My first memories of seeing how the global economy or globalization could affect a small local region, like the town where I grew up in North Jersey, occurred when I was a child. My father worked in the textile and apparel industry at the same company for almost all of his working life, a span of about thirty years. As a low level manager, he was given some hiring authority and practiced a bit of nepotism. He hired one of his brother-in-laws and two of his best friends.
My father worked the night shift when things were less chaotic and he would sometimes take me to work with him. He was always excited about the progress that the company was making as it moved into the world of technology and globalization. The company started out as a small company in a small town with a small staff, but soon there was expansion, mergers and acquisitions. The company, which began in 1912 and incorporated in the early 1920’s, moved to a much larger facilities. Soon thereafter, it went from a private company to a public company with almost two-thousand employees and sales in the amount of slightly less than one-hundred million dollars. This soon became over a billion dollars in a relatively short period of time.
One night my father said that there was something exciting that he wanted to show me. He took me to the company’s brand new computer room where I was dazzled by the new mainframe computers. They were massive and fearsome to me as a child and looked like giant rectangular robots, which could transform into something frightening at any moment. I’d never seen such a thing. It was like something out of a science fiction movie. The mainframes whirred and hummed as my father explained to me that the rooms in which they were kept had to be kept cold. I was around eight or nine years old and I remember being scared, standing there freezing. Taking my father’s hand, I looked up in awe at the monsters that stood before me. I remember the man who ran the computer department saying to me, “Don’t be scared. This is the future and it will change the world. You can touch one if you want.” Holding my father’s hand, I reached out gingerly and put my hand on one of mainframes and felt it vibrate. I believe they were IBM System 360 models. My father looked down at me and said with amazing insight and wisdom, “Remember this moment. Computing is the future and you are going to have to be a part of it”. His perceptions of this new technological world proved quickly to be frighteningly accurate.
Less than six months after my father showed me the mainframe computers, I overheard him and my mother talking. He sounded upset and my father was a man that was always happy, upbeat and positive. It bothered me and later I asked my mother why he was sad. She told me that he’d been forced to lay off half of his staff as their jobs had been computerized and automated. This forced my father to have to lay off his own brother-in-law and his two best friends whom he’d hired. He was devastated and so were they. It would be many years before he was able to mend the friendships he had with these men, but just a few short years before the world would change before my eyes.
Within about ten years after my father showed me the new computer room, the company became one of the largest companies in the textile and manufacturing industry with assets exceeding a billion dollars. A few years later a Forbes article would refer to that same company as “The Incredible Shrinking Company” as it rose like a phoenix and then plummeted into bankruptcy, having lost money every year from 1977 until 1985. It tried to hold on by selling off its least profitable units, but by the mid-1990’s survival was doubtful. With borrowed money, it restructured its business practices and moved into other areas of the textile and garment industry and branched out. Things went up and down for a while until the company was eventually purchased by an Israeli company in partnership with another company from the Netherlands Antilles. After many failed attempts to get the company back on its feet, it was completely bankrupt by the mid-1990’s. I saw firsthand what technology, automation, industrialization, outsourcing and globalization could do to families and we were among the lucky.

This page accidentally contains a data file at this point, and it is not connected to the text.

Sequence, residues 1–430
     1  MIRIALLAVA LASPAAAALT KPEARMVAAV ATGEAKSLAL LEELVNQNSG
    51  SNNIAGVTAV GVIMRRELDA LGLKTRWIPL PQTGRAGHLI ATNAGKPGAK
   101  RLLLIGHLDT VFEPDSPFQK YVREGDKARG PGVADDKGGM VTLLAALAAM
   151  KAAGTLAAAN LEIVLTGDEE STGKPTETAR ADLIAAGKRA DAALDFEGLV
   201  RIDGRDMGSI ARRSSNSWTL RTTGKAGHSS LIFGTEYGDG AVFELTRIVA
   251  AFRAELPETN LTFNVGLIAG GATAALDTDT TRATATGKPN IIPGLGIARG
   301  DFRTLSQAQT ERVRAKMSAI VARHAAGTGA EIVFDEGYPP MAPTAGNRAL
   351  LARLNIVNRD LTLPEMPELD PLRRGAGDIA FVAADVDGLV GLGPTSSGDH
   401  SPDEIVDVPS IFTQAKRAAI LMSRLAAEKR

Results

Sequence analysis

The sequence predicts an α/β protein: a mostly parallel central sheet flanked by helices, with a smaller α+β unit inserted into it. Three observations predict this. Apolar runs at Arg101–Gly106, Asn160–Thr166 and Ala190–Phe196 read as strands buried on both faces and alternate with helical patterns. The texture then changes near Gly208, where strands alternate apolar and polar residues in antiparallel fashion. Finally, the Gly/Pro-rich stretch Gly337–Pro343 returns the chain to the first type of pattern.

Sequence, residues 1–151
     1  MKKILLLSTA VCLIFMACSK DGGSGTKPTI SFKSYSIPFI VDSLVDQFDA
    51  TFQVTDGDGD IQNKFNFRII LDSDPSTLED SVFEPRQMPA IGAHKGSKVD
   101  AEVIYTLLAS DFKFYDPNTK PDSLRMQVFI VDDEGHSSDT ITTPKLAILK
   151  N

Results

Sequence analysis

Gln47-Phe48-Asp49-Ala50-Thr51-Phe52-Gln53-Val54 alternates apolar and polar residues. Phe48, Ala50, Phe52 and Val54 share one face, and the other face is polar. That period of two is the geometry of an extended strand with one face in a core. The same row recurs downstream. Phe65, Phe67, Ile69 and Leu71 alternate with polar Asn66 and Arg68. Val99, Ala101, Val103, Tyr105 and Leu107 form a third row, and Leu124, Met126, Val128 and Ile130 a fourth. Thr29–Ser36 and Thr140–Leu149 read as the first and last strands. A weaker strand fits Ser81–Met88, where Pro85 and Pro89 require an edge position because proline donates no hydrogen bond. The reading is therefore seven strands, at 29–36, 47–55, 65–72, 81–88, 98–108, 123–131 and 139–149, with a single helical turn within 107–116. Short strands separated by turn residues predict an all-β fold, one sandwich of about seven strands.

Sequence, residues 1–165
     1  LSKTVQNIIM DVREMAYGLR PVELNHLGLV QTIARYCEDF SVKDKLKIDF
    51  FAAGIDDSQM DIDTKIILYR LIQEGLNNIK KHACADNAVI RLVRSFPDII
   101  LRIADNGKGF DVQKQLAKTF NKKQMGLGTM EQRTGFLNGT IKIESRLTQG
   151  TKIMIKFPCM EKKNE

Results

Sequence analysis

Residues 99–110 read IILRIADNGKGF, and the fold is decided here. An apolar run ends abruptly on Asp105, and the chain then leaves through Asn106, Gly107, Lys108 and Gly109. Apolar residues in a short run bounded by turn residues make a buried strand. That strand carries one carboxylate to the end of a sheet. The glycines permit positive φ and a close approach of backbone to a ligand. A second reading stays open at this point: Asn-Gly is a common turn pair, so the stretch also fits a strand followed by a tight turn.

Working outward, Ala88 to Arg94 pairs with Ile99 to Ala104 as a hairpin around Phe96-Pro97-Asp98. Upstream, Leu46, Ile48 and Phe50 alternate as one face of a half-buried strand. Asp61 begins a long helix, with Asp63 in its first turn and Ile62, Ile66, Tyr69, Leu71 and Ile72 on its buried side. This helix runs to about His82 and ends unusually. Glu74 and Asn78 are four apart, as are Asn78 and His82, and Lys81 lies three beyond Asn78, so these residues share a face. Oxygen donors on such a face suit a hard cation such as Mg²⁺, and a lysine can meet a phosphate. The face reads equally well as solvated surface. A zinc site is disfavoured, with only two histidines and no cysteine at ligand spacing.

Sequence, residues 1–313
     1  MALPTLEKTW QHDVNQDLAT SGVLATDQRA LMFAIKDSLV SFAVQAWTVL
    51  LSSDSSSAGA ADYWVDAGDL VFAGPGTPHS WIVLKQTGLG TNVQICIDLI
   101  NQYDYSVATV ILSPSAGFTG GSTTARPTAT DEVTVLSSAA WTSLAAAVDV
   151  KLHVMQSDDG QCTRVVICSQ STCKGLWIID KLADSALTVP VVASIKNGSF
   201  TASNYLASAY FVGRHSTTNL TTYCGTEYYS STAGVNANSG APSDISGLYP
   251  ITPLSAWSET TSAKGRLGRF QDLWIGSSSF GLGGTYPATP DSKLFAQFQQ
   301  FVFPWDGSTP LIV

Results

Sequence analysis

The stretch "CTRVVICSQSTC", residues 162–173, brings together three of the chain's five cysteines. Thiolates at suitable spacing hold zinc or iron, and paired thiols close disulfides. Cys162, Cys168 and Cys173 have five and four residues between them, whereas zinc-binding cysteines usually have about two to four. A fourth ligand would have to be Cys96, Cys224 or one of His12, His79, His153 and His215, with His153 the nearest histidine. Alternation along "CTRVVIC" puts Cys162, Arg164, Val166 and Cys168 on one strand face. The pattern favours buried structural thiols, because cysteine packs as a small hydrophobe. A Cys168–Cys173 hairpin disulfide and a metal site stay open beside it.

The U.S. textile and garment industry continues to falter through present times. The U.S. U.S. Bureau of Labor Statistics report that “Jobs in textile, textile products, and apparel manufacturing will continue to decline rapidly by 48% through 2018 as advances in manufacturing technology allow fewer workers to produce greater output, and growing imports compete with domestically made textile and apparel products” (U.S. Bureau of Labor Statistics, Career Guide to Industries (2010-2011 Edition), http://www.bls.gov/oco/cg/cgs015.htm.).
Those monsters, those mainframes that I’d seen in my father’s office became the monsters that eventually ate the American dream of many of the families whose head of household once worked at my father’s company. Next came its equally monstrous friends, Outsource, Import, Technology and Automation. “Imports in the apparel industry increased from 5% of total consumption in 1970 to 26% or from $1.3 billion to $22 billion annually (Murray, Lauren A., “Unraveling Employment Trends in Textiles and Apparel” , Monthly Labor Review, Textile/Apparel Employment, August 1995.
It would be years after that day in the new computer room at my father’s company that I would even begin to fathom the interconnectivity of the economies of the world’s nations and how that powerfully co-dependent and interdependent global relationship could both foster and fester. Each year as more and more players enter the game, the world’s economy becomes more and more inclusive globally. Smaller nations can trade on the same field as the larger nations, causing markets to intersect, overlaps and become entangled with one another.